The leader of Bahraini opposition al-Wafa Islamic Party says dissent in the Persian Gulf country is there like a fire under the ashes, stressing the ruling Al Khalifah dynasty has turned to Israel to stave off public uprising.
“Bahrain’s February 14 revolution is still in progress. One of the strong indications of its continuation is that prisons are packed with political opponents, some of whom are serving life terms,” Morteza al-Sandi said on Monday.
He added that the Al Khalifah regime has handed down severe sentences, including 24 years of imprisonment or even longer periods, to a host of distinguished Bahraini opposition figures.
Sandi pointed to the case of prominent Bahraini Shia cleric and head of al-Wefaq National Islamic Society, Sheikh Ali Salman, who has been sentenced to 29 years in jail.
The Manama regime seemingly put down the 2011 popular uprising as Saudi and Emirati troops crossed into Bahrain after the tiny Persian Gulf kingdom's ruling family asked for help from neighboring states, he added, noting that the Al Khalifah family relies heavily on security directives and military instructions from Canada, the United States and Britain.
“The Bahraini nation's popular uprising is going on. Its extent has, however, reduced in the face of the Al Khalifah regime's strict security measures and heavy-handed clampdown,” the Bahraini opposition leader said.
The Manama regime sees no boundaries to its harsh repression of dissent, as it has executed a large number of people, and several political activists have even been forcibly displaced abroad, he said.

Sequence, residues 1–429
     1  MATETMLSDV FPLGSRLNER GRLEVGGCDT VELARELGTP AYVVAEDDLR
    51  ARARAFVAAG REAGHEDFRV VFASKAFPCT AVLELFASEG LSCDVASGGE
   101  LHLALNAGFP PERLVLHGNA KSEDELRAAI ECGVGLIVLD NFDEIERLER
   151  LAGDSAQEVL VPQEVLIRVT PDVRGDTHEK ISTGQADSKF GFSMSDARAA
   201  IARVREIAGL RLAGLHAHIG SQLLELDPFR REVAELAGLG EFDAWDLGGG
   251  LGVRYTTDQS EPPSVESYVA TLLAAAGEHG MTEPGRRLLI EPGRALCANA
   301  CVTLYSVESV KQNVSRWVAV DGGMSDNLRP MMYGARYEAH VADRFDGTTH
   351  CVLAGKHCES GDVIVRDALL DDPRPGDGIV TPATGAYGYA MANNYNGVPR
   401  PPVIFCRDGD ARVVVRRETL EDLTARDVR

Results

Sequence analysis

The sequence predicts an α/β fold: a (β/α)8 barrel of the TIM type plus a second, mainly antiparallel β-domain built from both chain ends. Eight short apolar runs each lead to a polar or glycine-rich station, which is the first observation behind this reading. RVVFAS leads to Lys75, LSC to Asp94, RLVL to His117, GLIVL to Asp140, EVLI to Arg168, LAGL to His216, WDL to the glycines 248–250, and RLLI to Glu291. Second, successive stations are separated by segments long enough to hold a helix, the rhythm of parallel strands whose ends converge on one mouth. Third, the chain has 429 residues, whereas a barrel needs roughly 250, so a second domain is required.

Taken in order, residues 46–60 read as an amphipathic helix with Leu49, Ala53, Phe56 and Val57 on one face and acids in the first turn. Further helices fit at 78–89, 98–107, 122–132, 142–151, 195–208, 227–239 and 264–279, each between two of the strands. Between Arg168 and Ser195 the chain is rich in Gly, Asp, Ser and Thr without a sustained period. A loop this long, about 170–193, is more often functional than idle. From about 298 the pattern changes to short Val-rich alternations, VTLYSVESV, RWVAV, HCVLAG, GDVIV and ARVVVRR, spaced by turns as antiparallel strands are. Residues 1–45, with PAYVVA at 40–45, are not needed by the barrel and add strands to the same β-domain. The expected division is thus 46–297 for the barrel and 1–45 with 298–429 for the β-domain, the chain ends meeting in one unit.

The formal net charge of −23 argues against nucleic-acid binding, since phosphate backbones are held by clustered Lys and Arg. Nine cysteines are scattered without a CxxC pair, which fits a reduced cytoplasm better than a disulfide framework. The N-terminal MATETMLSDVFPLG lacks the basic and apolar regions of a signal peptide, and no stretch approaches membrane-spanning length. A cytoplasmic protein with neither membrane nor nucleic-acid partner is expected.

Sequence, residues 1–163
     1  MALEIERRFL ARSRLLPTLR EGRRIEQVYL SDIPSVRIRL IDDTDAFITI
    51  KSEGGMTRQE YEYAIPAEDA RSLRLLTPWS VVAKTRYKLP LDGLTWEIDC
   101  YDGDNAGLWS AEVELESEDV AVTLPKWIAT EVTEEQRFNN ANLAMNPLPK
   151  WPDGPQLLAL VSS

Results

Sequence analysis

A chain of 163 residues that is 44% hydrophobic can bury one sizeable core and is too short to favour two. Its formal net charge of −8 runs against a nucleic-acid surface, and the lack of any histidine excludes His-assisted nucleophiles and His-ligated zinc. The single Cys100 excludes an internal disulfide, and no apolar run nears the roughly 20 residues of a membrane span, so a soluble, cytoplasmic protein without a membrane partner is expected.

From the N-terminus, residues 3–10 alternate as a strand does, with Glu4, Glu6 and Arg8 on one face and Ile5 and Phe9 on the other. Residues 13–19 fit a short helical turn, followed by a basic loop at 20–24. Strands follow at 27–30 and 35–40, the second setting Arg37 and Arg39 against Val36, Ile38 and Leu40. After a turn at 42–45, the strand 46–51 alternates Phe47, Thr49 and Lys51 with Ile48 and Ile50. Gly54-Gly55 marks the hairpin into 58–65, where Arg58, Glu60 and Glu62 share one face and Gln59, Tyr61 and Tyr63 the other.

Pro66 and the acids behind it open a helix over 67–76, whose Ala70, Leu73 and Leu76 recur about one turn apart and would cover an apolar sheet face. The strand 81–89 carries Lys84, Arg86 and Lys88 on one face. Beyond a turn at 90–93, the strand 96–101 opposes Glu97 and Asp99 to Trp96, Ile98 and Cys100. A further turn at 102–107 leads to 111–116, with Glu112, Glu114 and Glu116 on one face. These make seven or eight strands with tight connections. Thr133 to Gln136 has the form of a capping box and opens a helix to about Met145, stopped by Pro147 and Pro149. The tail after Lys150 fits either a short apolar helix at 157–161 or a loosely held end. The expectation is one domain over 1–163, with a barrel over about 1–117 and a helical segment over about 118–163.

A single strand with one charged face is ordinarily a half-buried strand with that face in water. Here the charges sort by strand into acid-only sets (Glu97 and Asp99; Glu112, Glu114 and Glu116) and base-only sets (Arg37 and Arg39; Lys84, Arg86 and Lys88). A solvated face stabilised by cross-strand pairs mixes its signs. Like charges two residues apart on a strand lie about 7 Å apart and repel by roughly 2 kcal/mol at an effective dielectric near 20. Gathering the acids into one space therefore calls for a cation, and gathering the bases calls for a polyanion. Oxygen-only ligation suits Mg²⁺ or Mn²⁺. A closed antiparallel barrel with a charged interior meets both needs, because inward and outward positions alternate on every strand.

Sandi also referred to security agreements between Bahrain and Israel, saying, “The Al Khalifah regime has employed a number of measures aimed at securitization of society. King Hamas has, therefore, ordered restructuring Bahrain's National Security Agency by the Israeli regime's so-called internal security service, Shin Bet.”
“Bahraini regime authorities are very concerned about continuation of the popular uprising in the country. Hence they have expanded their cooperation with Israel, and allowed an Israeli naval officer to be stationed in the Persian Gulf state.
“The Al Khalifah regime is aware of widespread public discontent and the fact that the rage could boil over at any time. Dissent in Bahrain glows like fire under ashes, and could re-emerge before long,” Sandi highlighted.
Meanwhile, Bahrain’s most prominent cleric Ayatollah Sheikh Isa Qassim has said that drawing up a new constitution is the only way out of the political crisis in the protest-hit tiny Persian Gulf country, urging the regime in Manama to pursue an agreement with the Bahraini opposition instead of increasingly suppressing dissent.
Demonstrations have been held in Bahrain on a regular basis ever since a popular uprising began in mid-February 2011.
The participants demand that the Al Khalifah regime relinquish power and allow a just system representing all Bahrainis to be established.
Manama, however, has gone to great lengths to clamp down on any sign of dissent.